Garrison raises suicide awareness


A Suicide Prevention Paintball Tournament and suicide prevention training took place Sept. 25 on Clay North during Suicide Prevention Month.

A Soldier takes part in the Suicide Prevention Paintball Tournament Sept. 25 on Clay North. (by Edna Romero-Campbell)

 

The goal was to raise suicide awareness and bring people together to enjoy some safe outside activity during COVID times, said Jason Mohilla, Army Substance Abuse Program specialist. People have had limited social contacts and many people are more prone to depression when they are alone, he said.

 

“Everybody had a good time,” Mohilla said. “It breaks the stress and removes you from that mindset.”


 

Before the fun part started, Mohilla gave the general safety brief and started the suicide prevention training. He usually talks about personal experiences and encourages feedback, Mohilla said. He always adjusts the brief to what the group needs.

 

He usually talks about Ask, Care, Escort Suicide Intervention, he said. If a person suspects someone is suicidal the first thing to do is ask, then take care of the person and escort hi

Participants of a Suicide Prevention tournament pose on the field in full gear Sept. 25 on Clay North. (Matthew Murcin, ASAP manager)

m or her to a source of professional help.

The training also involves role play and a question and answer portion, he said. There are many resources that offer help, but people usually only think of behavioral health.

 

A great resource are the chaplains, he said, but people can also get help with the Employee Assistance Program, the Military and Family Life Counseling Program and many more.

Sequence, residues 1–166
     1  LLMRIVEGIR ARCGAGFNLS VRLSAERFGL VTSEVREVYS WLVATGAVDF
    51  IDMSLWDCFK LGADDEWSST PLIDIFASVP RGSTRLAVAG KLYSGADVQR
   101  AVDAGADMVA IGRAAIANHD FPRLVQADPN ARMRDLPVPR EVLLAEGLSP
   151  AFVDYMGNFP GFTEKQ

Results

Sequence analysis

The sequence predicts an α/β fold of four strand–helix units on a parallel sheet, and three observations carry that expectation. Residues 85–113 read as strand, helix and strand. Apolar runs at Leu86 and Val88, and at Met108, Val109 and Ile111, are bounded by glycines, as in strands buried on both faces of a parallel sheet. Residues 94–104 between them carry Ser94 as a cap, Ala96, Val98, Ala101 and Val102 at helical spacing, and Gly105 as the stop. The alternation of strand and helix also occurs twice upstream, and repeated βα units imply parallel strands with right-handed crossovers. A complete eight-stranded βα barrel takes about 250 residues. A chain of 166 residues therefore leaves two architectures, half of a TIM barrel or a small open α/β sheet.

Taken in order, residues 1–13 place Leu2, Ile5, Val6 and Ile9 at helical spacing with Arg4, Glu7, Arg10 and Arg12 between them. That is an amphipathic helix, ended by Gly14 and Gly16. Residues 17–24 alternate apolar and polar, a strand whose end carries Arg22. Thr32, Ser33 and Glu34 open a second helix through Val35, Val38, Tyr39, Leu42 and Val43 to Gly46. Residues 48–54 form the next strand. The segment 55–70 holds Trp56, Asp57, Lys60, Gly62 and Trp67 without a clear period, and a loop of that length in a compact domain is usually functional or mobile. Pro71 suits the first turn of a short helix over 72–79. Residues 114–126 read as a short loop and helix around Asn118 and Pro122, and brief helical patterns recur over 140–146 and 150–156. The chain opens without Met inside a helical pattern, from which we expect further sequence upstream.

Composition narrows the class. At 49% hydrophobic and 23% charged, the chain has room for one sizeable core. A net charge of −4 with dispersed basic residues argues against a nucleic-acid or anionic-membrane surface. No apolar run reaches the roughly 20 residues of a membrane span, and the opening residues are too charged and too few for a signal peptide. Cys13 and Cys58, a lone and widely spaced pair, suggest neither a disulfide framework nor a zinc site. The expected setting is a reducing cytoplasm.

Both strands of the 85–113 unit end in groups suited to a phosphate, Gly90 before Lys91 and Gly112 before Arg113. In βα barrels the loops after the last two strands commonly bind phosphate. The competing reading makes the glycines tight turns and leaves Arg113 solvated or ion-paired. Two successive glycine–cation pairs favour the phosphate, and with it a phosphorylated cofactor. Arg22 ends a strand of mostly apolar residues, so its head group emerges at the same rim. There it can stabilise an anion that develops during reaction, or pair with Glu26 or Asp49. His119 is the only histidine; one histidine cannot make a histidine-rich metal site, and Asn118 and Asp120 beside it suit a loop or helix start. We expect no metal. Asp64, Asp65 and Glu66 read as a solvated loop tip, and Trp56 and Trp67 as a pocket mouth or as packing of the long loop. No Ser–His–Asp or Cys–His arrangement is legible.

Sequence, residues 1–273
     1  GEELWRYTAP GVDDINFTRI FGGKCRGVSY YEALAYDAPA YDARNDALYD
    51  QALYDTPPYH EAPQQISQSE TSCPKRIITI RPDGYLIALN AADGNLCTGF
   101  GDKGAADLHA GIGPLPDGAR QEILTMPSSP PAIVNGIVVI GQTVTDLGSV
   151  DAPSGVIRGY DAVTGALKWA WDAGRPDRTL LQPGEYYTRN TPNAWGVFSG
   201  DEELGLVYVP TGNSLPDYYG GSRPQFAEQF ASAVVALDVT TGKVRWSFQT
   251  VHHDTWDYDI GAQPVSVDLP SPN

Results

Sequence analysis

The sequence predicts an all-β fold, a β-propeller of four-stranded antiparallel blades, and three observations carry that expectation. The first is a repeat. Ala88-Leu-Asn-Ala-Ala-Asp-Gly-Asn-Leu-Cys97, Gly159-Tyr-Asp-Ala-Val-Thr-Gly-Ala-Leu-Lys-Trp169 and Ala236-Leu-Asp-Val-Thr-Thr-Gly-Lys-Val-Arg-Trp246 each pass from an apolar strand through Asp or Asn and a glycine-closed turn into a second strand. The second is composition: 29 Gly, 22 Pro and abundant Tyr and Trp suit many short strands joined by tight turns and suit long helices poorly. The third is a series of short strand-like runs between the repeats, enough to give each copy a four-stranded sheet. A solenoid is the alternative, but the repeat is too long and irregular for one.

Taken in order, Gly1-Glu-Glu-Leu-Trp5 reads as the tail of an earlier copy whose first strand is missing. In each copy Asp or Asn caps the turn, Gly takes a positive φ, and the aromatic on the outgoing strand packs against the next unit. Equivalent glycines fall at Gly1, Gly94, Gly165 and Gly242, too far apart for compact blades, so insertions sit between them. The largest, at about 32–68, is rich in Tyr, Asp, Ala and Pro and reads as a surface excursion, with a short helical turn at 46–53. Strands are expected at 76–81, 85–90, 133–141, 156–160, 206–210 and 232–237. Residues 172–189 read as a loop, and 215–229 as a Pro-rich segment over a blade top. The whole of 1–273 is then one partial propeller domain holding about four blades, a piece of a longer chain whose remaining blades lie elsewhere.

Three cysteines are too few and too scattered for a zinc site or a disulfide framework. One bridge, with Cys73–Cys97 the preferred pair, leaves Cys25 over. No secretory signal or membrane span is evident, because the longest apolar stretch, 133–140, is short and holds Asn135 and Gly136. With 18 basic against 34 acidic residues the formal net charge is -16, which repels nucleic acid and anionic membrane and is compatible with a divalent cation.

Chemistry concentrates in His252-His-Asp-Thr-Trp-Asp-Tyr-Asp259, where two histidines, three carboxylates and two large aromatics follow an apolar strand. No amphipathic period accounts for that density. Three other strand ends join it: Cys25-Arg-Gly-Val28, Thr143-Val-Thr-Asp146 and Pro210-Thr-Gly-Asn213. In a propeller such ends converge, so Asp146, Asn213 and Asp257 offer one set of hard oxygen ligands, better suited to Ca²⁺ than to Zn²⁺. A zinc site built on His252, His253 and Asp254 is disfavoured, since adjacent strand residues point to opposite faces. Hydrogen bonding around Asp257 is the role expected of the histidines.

After the training portion ended, a team building competition in paintball, archery and air rifle began.

 

“It’s a positive thing to do,” said Matthew Murcin, ASAP manager. “It’s a controlled environment, it’s safe and it’s with friends. It’s been proven to be psychologically beneficial.”

Jason Mohilla, Army Substance Abuse Program specialist, briefs Wiesbaden community members about suicide prevention Sept. 25 on Clay North.

One of the main target groups of the activity were younger Soldiers who “were stuck alone in the barracks,” he said.

 

“There was overwhelming joy,” Mohilla said. “A chaplain came with his assistant in

a support function. She watched a couple of rounds and how much fun they had. Then, she played and so did the chaplain.”

 

“A spouse came by and ended up challenging her husband,” he said. “We could see that we were getting the desired effect.”

 

People who have questions about suicide prevention or teambuilding and training activities can contact  ASAP at 0611-143-548-1400 / 1408 or send an email to matthew.j.murcin.civ@mail.mil or jason.n.mohilla.civ@mail.mil.